Size didn’t prevent baseball whiz from making Major League

Michael Wielansky, a Ladue High School graduate, impressed baseball scouts while playing for College of Wooster, an NCAA Division III school. Last week, Wielansky was drafted by the Houston Astros. 

Ellen Futterman, Editor

I’ve always been a sucker for a good David and Goliath story. In this modern-day version, think of Goliath as big-time baseball. As for David, the underdog, let’s call him Michael Wielansky, a 2015 Ladue high grad who was drafted last week by the 2017 World Series champion Houston Astros.

Shortly before Houston called, Michael, 21, had just finished his junior year at the College of Wooster, a NCAA Division III school in Ohio best known for its stellar academic programs, not baseball excellence. Still, when he was picked in Round 18 (of 40 rounds), he became the top Division III position player in 2018 selected by a Major League Baseball team.

Let’s rewind the highlight tape to Michael’s career at Ladue.

Although he put up impressive numbers in the field and at bat, Michael and his parents, Steve and Linda Wielansky, said he was too small in high school for Division I schools to seriously court him. Linda recalled that at his bar mitzvah at Temple Israel, a skinny 4-feet-9 Michael had to stand on a box to reach the microphone at the pulpit.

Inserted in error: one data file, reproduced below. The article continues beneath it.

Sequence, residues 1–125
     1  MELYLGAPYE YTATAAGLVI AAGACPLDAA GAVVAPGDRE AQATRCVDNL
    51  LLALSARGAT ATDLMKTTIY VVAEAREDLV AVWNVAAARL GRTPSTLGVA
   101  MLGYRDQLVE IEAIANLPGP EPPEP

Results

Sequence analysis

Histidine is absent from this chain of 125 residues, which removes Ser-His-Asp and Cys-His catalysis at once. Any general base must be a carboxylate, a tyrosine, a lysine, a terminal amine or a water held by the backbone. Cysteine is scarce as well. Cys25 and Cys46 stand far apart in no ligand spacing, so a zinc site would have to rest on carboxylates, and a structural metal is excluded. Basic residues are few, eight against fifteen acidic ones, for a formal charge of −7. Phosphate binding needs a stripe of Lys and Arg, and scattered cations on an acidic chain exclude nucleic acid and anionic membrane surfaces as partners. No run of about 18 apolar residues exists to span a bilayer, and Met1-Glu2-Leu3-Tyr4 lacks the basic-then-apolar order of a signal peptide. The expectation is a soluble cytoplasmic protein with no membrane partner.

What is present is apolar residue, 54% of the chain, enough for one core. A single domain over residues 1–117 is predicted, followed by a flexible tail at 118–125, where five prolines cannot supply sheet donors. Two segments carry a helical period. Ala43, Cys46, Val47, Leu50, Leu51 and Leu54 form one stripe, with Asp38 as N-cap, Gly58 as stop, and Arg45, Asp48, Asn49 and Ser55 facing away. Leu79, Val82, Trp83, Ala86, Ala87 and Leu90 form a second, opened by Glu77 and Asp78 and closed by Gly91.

ADVERTISEMENT

“I entered high school as a freshman at 5-feet. By junior year, I was 5-feet-8, but only 125 pounds,” said Michael, who played shortstop for the Ladue Rams where he hit .642 and was the league’s player-of-the-year as a senior.

“A lot of colleges liked my skill set but passed on me because I was small,” he added.

Michael also played soccer at Ladue, which many thought would be his sport. As team captain, he finished his senior year with 26 goals and 12 assists and was named to the Post-Dispatch’s All-Metro Team as well as first team all-state and first team all-conference. But baseball was his true love. He wasn’t about to let his size — or lack thereof — deter his dream to play college ball.

Missouri S&T, a Division II school in Rolla with a focus on engineering, wanted him, but his academic interests lay elsewhere. Michael decided on Wooster, a 2,000-student top liberal arts college about 60 miles south of Cleveland, where he would major in business and economics. And play Division III baseball, of course.

Boy oh boy, did he ever play. In fact, it would be accurate to say he slayed his opponents.

He started at shortstop his freshman year, batting just under .400. As a sophomore, he was voted a Division III All-American and won the prestigious ABCA/Rawlings Gold Glove Award as a shortstop, becoming the first player in Wooster history to do so. He hit .425 (79-for-186) and finished with 54 RBIs, 20 stolen bases, 15 doubles, 10 home runs and six triples.

“I put up some really good numbers in Wooster, which drew some attention,” said Michael, who then played that summer with mostly Division I players as a Charlottesville (Va.) Tom Sox in the wood-bat Valley Baseball League. He wound up leading the league with a .432 average. The Tom Sox won their first Valley League championship and Michael was named MVP.